Speaking before the report's release, Prime Minister John Howard indicated the report backs the government's plan to sell the remainder of Telstra.
"The report will indicate that what the Government and Telstra have done over the past few years in particular has lead to a very significant improvement," the Prime Minister said.
According to a statement issued by the inquiry: "The Inquiry has been generally impressed by the extent of commercial service development over the past two years, both by Telstra and other service providers. The Inquiry believes that promoting competition is a key way to ensure these improvements continue into the future."
However, the Universal Service Obligation was found to be an ineffective mechanism "for providing broad consumer access to an increased range of services in the future. There are a range of other more appropriate policy options available to the government to achieve equity objectives in the future".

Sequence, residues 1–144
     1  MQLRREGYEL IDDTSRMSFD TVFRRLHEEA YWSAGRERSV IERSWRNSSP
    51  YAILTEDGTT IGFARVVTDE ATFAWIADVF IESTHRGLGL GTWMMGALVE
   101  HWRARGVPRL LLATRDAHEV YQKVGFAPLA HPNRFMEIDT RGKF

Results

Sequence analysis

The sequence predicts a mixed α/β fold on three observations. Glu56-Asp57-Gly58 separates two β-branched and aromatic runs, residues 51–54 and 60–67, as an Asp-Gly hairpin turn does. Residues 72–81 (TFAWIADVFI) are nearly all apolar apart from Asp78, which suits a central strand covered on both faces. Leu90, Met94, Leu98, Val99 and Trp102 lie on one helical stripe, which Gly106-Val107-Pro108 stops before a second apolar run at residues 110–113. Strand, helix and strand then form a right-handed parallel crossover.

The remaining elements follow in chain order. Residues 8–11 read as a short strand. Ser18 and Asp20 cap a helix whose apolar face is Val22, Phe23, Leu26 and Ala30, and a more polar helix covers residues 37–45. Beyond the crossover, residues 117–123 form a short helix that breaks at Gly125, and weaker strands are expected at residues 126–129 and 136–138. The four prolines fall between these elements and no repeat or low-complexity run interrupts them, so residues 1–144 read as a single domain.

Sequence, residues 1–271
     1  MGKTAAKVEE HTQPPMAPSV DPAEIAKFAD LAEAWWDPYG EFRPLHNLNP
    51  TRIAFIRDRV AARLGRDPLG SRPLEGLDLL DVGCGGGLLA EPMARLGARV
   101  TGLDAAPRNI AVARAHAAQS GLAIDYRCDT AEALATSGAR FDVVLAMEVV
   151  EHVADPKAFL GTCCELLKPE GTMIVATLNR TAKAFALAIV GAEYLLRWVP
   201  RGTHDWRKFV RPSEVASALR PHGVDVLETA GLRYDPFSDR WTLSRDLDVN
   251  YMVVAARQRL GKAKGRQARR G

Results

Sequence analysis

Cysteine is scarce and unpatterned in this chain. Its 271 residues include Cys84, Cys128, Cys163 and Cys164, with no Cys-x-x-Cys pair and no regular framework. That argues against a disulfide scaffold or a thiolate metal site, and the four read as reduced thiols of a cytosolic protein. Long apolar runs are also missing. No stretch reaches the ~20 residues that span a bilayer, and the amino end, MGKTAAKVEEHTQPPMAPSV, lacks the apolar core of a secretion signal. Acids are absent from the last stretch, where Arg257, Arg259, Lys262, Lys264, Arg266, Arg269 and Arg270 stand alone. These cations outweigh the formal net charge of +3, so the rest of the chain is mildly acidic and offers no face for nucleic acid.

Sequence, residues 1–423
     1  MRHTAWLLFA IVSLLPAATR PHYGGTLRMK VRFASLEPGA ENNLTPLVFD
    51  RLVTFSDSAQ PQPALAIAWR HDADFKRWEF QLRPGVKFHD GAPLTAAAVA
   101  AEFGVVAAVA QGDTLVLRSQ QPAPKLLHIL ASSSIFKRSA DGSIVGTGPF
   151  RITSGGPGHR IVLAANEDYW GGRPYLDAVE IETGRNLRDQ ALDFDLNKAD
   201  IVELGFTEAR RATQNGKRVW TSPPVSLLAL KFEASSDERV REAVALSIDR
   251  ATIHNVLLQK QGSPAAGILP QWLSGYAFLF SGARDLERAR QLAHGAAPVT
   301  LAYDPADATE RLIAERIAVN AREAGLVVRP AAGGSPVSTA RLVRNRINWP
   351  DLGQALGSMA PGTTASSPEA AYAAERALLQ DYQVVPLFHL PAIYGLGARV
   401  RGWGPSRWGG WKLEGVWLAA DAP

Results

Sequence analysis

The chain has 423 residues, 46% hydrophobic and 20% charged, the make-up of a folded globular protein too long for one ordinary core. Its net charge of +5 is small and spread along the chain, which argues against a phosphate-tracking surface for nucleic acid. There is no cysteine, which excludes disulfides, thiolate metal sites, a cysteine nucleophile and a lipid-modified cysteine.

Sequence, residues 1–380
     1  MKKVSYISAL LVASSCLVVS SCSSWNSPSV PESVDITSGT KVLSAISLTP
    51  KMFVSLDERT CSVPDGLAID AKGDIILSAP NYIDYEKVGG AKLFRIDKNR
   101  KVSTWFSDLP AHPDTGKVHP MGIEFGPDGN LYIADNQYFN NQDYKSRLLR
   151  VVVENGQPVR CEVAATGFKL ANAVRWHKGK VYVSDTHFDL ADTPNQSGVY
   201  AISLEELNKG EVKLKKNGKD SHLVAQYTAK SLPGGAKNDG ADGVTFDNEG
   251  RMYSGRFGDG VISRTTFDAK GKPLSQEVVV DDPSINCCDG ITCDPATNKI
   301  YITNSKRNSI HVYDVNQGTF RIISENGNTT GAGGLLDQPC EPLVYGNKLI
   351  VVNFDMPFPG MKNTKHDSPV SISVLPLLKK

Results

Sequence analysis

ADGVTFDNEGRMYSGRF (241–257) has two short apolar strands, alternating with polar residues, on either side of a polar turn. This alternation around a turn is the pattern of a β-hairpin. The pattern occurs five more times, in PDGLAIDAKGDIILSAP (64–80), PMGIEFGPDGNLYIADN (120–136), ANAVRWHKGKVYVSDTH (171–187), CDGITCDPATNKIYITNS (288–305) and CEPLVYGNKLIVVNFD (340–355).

It was recommended that the ACA and the Government identify the worst performing rural exchanges, with Telstra required to provide a strategy and timeframes for improving their performance.
The Inquiry found mobile services to be adequate but recommended that the government continue its satellite phone subsidy. The Government's Internet Assistance Program was found to have helped dial-up users, but the inquiry recommended Telstra be held to a licence condition that guarantees dial-up speeds.
The report also found that Telstra failed to wholesale ISDN on an equitable basis and that pair gain copper lines adversely affect data throughput.
"In particular, the Inquiry is recommending the Government should require Telstra to give a formal undertaking to upgrade its remaining radio concentrator (DRCS) and to address the issue of poorly performing pair gain systems," the statement said.
The Inquiry also recommends a number of subsidies and other schemes to improve access to higher bandwidth services in the bush. A series of regular service reviews was also recommended, with the Government obliged to publicly respond to their findings.